hey, i would like to share with you about my passion for the Old Testament (OT). my students call me 'rabbi' or 'reb' for short.
the reb's passion in life (apart from God and wife and family) is the OT.
the reb used to teach the OT in a seminary. he also does a lot of weekend teaching and preaching in churches. and he writes and authored 9 books...
Does this recently excavated ancient menorah graffito show us what the Temple menorah looked like?
The Jewish menorah—especially the Temple menorah, a seven-branched candelabra that stood in the Temple—is the most enduring and iconic Jewish symbol. But what did the Temple menorah actually look like?
In early August, the Israel Antiquities Authority (IAA) issued a press release announcing the discovery of “an engraving of the Temple menorah on a stone object” in a 2,000-year-old drainage channel near the City of David, which is being excavated by Professor Ronny Reich and Eli Shukron. (An unusually well preserved iron sword in its leather scabbard, which presumably belonged to a Roman soldier, was also found there.) The IAA release went on to say that “a passerby who saw the [Temple] menorah with his own eyes … incised his impressions on a stone.” The excavators were quoted as saying that this graffito “clarifies [that] the base of the original [ancient] menorah … was apparently tripod shaped.”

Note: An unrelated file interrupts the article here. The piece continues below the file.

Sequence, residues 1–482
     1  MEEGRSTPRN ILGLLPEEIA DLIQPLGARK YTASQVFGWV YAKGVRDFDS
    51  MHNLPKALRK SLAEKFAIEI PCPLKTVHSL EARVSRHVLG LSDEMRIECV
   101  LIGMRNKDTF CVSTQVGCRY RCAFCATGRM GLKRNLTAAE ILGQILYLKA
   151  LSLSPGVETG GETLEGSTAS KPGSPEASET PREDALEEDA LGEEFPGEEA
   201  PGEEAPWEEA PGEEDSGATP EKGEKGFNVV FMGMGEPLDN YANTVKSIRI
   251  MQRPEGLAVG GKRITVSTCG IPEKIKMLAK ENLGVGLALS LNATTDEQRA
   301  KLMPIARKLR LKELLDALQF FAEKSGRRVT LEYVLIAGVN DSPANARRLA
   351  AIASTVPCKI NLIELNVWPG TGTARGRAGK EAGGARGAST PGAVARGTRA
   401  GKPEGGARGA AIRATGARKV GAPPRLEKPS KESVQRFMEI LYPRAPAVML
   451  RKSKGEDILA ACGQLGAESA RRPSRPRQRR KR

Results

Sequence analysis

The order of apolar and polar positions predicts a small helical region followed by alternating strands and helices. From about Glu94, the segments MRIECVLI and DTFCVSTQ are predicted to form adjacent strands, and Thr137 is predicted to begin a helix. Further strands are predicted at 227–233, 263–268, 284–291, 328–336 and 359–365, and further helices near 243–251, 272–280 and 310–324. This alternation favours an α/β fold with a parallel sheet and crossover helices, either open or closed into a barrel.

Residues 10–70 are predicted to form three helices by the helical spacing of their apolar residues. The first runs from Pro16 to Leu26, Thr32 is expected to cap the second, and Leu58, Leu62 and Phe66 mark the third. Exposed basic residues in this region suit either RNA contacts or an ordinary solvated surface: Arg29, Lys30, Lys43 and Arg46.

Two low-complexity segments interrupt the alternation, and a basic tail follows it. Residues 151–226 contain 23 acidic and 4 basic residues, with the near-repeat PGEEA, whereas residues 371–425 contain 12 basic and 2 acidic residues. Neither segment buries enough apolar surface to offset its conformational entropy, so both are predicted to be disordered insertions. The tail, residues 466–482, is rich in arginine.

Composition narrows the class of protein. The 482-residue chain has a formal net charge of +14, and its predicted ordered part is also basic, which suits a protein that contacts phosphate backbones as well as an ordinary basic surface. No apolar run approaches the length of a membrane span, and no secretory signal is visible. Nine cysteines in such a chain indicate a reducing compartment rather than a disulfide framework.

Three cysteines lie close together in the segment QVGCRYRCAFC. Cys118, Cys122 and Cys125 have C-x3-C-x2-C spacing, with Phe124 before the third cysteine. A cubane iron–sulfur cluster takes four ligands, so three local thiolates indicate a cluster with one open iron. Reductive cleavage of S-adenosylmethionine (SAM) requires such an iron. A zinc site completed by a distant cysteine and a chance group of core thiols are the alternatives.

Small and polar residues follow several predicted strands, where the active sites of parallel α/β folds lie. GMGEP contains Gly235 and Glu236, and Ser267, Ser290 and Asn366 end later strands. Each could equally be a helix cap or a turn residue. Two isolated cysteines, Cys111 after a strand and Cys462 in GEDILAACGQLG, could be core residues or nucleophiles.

But does it?
Depictions of the Jewish menorah with a tripod, or three-legged, base were indeed quite popular in late antique Judaism (fourth–sixth centuries C.E.). This can be seen clearly on the mosaic floors of several synagogues (Hammath Tiberias, Beth-Shean, Beth Alpha and Nirim), not to mention inscribed plaques, oil lamps and even a tiny gold ring from the fifth century.
Although there is thus later artistic support for a tripod-based Jewish menorah, the evidence from the late Second Temple period, when the ancient menorah was still standing in the Temple, is rather different. The handful of contemporaneous depictions we have seem to show the Jewish menorah with a solid, usually triangular base. These include the fragmentary ancient menorah graffito discovered by the late Israeli archaeologist Nahman Avigad in his excavation of the Jewish Quarter in Jerusalem, multiple coins of the last Hasmonean king Mattathias Antigonus (40–37 B.C.E.) and the decorated stone table recently discovered at Magdala. (The Temple menorah pictured on the Arch of Titus in Rome has an unusual octagonal tiered base that is usually rejected as unrealistic.) Therefore this newly discovered crude drawing of a Jewish menorah hardly settles the question of what the Temple menorah’s base looked like.